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- Author or Editor: James M. Wilson x
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Objective—To evaluate transduction efficiency of gene therapy for treatment of osteoarthritis in horses.
Sample—Cartilage and synovial tissues were aseptically collected from the stifle joints of 3 Thoroughbreds; horses were 3, 7, and 12 years old and free from sepsis and long-term drug treatment and were euthanized for reasons unrelated to joint disease.
Procedures—Gene transfer experiments were performed with 8 recombinant adeno-associated viral vector (rAAV) serotypes in monolayer-cultured equine chondrocytes, synovial cells, and mesenchymal stromal cells and in cartilage and synovial tissues.
Results—Serotypes rAAV2/5 and rAAV2/2 yielded the highest transduction efficiency in cultured cells 6 days after transduction. Synovial cells and mesenchymal stromal cells were more readily transduced than were chondrocytes. Serotype rAAV2/6.2 yielded the highest rate of gene expression in both cartilage and synovial tissues at 6 days after inoculation. However, at 30 and 60 days after inoculation, gene expression of serotypes rAAV2/2 and rAAV2/5 surpassed that of rAAV2/6.2 and all other serotypes.
Conclusions and Clinical Relevance—Maximally expressing serotypes changed between 6 and 30 days in tissues; however, the most efficient serotypes for transduction of joint cells over time were also the most efficient serotypes for transduction of joint tissues. In addition, the low transduction efficiency of articular cartilage tissue was paralleled by a low transduction efficiency of isolated chondrocytes. This suggested that the typically low transduction efficiency of articular cartilage may be attributable in part to the low transduction efficiency of the chondrocytes and not solely a result of the dense cartilage matrix.
Objective—To compare replication of bluetongue virus (BTV) and epizootic hemorrhagic disease virus (EHDV) in pulmonary artery endothelial cells (ECs) obtained from juvenile cattle, sheep, white-tailed deer (WTD; Odocoileus virginianus), and black-tailed deer (BTD; O hemionus columbianus).
Sample Population—Cultures of pulmonary artery ECs obtained from 3 cattle, 3 sheep, 3 WTD, and 1 BTD.
Procedure—Purified cultures of pulmonary artery ECs were established. Replication, incidence of infection, and cytopathic effects of prototype strains of BTV serotype 17 (BTV-17) and 2 serotypes of EHDV (EHDV-1), and (EHDV-2) were compared in replicate cultures of ECs from each of the 4 ruminant species by use of virus titration and flow cytometric analysis.
Results—All 3 viruses replicated in ECs from the 4 ruminant species; however, BTV-17 replicated more rapidly than did either serotype of EHDV. Each virus replicated to a high titer in all ECs, although titers of EHDV-1 were significantly lower in sheep ECs than in ECs of other species. Furthermore, all viruses caused extensive cytopathic effects and a high incidence of cellular infection; however, incidence of cellular infection and cytopathic effects were significantly lower in EHDV-1-infected sheep ECs and EHDV-2-infected BTD ECs.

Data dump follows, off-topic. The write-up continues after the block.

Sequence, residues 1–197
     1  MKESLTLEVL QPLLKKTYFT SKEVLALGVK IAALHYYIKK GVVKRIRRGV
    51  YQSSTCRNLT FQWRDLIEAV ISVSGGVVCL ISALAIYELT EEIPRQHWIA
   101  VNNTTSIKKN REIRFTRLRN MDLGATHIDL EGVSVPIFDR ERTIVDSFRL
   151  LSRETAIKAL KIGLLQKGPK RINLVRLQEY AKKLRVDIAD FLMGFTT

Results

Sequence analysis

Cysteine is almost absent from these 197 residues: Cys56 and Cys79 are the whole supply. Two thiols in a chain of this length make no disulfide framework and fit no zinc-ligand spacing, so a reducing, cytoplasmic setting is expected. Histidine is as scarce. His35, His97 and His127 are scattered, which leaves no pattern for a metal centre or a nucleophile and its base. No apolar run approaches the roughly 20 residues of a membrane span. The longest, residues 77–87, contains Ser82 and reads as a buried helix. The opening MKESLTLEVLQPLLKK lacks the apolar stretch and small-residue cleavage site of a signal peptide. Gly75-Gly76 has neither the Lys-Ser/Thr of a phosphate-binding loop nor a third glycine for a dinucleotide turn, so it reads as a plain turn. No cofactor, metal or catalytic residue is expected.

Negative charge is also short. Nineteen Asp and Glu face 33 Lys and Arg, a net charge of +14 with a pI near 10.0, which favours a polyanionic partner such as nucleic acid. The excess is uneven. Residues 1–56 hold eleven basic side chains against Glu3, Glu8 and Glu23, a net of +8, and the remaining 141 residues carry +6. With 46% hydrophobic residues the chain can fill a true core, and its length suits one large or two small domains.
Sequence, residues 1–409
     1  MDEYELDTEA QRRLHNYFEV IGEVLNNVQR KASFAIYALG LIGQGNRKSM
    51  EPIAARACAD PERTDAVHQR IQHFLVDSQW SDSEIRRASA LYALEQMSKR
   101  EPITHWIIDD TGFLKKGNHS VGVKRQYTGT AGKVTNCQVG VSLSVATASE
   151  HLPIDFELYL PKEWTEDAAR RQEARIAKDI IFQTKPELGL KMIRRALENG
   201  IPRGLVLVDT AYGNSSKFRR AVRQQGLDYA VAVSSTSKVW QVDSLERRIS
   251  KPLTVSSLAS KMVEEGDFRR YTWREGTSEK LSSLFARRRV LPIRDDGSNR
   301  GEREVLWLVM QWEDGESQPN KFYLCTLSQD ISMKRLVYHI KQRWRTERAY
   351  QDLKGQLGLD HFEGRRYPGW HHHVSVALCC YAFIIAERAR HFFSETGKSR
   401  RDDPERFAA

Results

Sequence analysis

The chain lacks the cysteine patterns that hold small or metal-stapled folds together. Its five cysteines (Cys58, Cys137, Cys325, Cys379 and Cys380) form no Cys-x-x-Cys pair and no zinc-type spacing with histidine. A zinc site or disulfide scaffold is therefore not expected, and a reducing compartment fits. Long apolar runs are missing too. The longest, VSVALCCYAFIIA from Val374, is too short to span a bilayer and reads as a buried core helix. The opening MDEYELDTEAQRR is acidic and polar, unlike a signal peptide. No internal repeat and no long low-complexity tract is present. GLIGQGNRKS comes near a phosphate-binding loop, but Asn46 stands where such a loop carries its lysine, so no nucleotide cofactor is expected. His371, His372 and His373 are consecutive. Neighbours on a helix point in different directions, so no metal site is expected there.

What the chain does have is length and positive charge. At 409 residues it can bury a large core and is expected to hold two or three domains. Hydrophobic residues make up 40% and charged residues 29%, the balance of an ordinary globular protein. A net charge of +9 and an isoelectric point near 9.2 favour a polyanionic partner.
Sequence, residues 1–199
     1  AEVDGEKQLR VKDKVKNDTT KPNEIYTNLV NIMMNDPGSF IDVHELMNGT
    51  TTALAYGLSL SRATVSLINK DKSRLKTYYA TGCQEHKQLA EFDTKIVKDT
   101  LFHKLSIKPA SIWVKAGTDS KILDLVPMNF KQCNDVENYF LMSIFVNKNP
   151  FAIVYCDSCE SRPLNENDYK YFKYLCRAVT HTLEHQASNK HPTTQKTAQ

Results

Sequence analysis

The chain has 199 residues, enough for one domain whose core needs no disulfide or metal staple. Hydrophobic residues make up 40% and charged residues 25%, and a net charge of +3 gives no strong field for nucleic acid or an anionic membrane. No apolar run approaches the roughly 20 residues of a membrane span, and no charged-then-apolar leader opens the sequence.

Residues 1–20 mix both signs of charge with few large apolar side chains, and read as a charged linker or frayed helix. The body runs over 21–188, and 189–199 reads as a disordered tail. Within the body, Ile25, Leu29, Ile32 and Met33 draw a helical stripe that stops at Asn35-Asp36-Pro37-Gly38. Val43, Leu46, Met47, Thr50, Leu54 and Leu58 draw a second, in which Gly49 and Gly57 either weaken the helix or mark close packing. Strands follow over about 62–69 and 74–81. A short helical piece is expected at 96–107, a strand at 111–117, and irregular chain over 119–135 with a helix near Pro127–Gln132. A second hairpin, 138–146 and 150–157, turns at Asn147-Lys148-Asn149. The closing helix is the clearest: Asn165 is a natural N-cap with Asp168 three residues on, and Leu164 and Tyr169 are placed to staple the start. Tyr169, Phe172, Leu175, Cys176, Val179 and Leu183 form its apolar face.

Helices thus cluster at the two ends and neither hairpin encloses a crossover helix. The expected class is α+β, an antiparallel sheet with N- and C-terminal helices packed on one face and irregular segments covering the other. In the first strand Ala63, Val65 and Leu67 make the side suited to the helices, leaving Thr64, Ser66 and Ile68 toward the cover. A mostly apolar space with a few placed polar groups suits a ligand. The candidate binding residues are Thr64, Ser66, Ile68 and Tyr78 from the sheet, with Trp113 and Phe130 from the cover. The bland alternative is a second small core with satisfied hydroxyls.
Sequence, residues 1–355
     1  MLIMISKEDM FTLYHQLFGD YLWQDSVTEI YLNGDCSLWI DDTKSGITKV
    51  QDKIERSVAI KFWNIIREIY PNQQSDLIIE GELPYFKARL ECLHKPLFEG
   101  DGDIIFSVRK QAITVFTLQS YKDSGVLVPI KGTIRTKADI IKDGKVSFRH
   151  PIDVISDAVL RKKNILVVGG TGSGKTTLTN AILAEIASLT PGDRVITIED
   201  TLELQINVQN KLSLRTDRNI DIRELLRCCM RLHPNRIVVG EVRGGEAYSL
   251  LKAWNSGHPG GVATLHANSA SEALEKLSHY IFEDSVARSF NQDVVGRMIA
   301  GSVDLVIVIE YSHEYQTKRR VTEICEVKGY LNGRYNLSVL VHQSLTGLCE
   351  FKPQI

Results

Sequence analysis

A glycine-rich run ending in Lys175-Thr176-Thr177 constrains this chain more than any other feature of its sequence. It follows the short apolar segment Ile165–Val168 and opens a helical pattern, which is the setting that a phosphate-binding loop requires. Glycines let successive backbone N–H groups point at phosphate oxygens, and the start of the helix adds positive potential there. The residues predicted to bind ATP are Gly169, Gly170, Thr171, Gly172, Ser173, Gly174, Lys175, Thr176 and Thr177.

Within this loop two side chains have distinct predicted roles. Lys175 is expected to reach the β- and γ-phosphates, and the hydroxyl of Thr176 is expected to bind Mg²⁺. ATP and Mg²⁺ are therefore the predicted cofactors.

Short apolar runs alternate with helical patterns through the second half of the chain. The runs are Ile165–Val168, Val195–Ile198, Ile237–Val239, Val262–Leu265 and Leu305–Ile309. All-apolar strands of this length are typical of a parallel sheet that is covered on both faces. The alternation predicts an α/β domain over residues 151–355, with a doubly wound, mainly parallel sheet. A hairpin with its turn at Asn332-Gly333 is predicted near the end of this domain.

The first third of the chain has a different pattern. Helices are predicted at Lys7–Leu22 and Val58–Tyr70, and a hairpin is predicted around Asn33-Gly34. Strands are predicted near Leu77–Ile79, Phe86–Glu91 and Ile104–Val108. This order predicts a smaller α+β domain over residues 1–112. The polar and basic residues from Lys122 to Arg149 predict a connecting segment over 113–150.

Conclusions and Clinical Relevance—There were only minor differences in replication, incidence of infection, and cytopathic effects for BTV-17, EHDV-1, or EHDV-2 in ECs of cattle, sheep, BTD, and WTD. It is not likely that differences in expression of disease in BTV- and EHDV-infected ruminants are attributable only to species-specific differences in the susceptibility of ECs to infection with the 2 orbiviruses. (Am J Vet Res 2003;64:860–865)
Objective—To characterize a 2007 bluetongue disease (BT) epizootic caused by bluetongue virus (BTV) serotype 17 in sheep in the Big Horn Basin of Wyoming.
Animals—1,359 sheep from ranches in Wyoming and Montana.
Procedures—Information on clinical signs and history of BT in sheep was obtained from ranchers and attending veterinarians. At 3 to 6 months after the 2007 BT epizootic, blood samples were collected from rams, ewes, and lambs within and outside the Big Horn Basin; blood samples were also collected from lambs born in the spring of 2008. Sera were tested for anti-BTV antibodies by use of a competitive ELISA to determine the seroprevalence of BTV in sheep and to measure antibody titers. Virus isolation and reverse transcriptase PCR assays were used to determine long-term presence of the infectious virus or viral genetic material in RBCs of sheep.
Results—The percentage of sheep seropositive for BTV closely matched morbidity of sheep within flocks, indicating few subclinical infections. Flocks separated by as little as 1 mile had substantial variation in infection rate. Rams were infected at a higher rate than ewes. There was no evidence of BTV successfully overwintering in the area.
Conclusions and Clinical Relevance—This epizootic appears to be a new intrusion of BTV into a naïve population of sheep previously protected geographically by the mountains surrounding the Big Horn Basin. Rams may have a higher infection rate as a result of increased vector biting opportunity because of the large surface area of the scrotum.